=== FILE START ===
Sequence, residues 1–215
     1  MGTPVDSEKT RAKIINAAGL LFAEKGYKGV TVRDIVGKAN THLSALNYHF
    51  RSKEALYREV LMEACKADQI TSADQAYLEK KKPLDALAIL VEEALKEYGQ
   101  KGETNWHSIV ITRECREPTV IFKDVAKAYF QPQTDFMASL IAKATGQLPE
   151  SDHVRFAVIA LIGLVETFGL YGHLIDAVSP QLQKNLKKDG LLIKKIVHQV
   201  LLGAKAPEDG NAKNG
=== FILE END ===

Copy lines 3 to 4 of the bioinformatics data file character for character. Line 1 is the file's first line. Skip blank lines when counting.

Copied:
    51  RSKEALYREV LMEACKADQI TSADQAYLEK KKPLDALAIL VEEALKEYGQ
   101  KGETNWHSIV ITRECREPTV IFKDVAKAYF QPQTDFMASL IAKATGQLPE